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The Six-Day War at 50

The world is about to mark the 50th anniversary of the June 1967 war between Israel and Egypt, Jordan, and Syria – a conflict that continues to stand out in a region with a modern history largely defined by violence. The war lasted less than a week, but its legacy remains pronounced a half-century later.

NEW YORK – The world is about to mark the 50th anniversary of the June 1967 war between Israel and Egypt, Jordan, and Syria – a conflict that continues to stand out in a region with a modern history largely defined by violence. The war lasted less than a week, but its legacy remains pronounced a half-century later.

The war itself was triggered by an Israeli preemptive strike on the Egyptian air force, in response to Egypt’s decision to expel a United Nations peacekeeping force from Gaza and the Sinai Peninsula and to close the Straits of Tiran to Israeli shipping. Israel struck first, but most observers regarded what it did as a legitimate act of self-defense against an imminent threat.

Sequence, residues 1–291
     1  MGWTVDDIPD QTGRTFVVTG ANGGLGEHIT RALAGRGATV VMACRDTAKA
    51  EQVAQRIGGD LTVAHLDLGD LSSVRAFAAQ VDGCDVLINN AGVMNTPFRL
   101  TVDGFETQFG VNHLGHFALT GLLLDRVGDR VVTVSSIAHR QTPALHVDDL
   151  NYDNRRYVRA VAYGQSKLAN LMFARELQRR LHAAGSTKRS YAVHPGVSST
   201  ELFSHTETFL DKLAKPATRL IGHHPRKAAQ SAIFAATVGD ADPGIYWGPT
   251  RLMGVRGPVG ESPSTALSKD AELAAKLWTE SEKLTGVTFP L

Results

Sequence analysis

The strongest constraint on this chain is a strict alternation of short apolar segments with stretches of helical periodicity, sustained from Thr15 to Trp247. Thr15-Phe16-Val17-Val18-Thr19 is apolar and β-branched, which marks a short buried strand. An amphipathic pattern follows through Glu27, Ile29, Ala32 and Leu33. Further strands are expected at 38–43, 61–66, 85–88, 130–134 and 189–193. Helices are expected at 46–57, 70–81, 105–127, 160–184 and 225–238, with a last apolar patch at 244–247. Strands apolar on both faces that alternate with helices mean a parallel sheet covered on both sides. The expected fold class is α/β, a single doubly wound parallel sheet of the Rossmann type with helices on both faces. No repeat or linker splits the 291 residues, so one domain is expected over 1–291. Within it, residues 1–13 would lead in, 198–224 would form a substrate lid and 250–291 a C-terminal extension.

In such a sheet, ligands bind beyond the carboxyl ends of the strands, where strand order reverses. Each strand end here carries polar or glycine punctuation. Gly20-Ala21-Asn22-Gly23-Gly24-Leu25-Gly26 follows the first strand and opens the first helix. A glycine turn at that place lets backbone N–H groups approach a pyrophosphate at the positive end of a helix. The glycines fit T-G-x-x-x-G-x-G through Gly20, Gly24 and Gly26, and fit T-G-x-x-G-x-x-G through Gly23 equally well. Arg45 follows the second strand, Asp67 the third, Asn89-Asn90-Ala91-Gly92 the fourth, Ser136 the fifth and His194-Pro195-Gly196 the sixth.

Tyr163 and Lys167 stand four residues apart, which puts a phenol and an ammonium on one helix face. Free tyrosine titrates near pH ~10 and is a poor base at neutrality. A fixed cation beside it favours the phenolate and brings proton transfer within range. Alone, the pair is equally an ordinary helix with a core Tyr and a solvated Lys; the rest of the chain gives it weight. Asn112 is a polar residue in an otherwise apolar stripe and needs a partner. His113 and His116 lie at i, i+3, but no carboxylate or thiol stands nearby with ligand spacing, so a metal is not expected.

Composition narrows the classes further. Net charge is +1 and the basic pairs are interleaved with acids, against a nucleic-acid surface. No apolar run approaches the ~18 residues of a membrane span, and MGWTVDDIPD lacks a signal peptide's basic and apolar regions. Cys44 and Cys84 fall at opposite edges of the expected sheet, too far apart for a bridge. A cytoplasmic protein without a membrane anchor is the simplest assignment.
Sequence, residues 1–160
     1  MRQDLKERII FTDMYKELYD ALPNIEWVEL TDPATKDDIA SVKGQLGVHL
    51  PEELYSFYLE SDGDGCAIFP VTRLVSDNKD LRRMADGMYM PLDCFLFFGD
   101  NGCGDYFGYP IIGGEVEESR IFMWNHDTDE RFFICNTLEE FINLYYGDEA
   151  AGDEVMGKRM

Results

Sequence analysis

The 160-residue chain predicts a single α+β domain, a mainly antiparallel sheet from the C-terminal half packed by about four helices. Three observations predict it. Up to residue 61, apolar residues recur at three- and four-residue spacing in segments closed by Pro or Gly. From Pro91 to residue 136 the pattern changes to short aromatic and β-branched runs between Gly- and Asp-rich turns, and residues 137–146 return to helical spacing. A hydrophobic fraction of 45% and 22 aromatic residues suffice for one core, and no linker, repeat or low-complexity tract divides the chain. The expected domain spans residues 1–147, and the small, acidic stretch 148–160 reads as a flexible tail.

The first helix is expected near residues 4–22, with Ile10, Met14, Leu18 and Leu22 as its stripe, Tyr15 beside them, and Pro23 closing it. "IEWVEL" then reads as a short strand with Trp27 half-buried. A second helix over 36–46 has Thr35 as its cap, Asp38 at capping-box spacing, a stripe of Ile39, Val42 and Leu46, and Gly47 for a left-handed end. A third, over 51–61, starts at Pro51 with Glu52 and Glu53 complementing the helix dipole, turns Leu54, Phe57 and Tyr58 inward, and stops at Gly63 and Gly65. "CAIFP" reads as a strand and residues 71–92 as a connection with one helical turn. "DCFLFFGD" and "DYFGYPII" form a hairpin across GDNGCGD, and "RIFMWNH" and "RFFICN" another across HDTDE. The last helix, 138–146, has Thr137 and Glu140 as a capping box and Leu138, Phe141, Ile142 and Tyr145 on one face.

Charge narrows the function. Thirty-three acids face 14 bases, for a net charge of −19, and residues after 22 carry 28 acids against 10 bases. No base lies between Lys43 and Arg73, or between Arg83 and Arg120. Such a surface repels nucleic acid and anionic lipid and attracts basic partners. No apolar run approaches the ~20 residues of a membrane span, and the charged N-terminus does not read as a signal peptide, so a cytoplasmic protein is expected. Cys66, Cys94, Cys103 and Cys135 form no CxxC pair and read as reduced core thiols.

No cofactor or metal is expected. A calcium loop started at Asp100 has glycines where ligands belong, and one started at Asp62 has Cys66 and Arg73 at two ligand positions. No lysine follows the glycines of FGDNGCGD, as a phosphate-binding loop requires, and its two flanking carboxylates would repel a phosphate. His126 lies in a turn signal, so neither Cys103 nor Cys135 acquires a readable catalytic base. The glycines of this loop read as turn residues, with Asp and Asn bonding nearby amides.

Israel did not intend to fight on more than one front, but the war quickly expanded when both Jordan and Syria entered the conflict on Egypt’s side. It was a costly decision for the Arab countries. After just six days of fighting, Israel controlled the Sinai Peninsula and the Gaza strip, the Golan Heights, the West Bank, and all of Jerusalem. The new Israel was more than three times larger than the old one. It was oddly reminiscent of Genesis: six days of intense effort followed by a day of rest, in this case the signing of a cease-fire.

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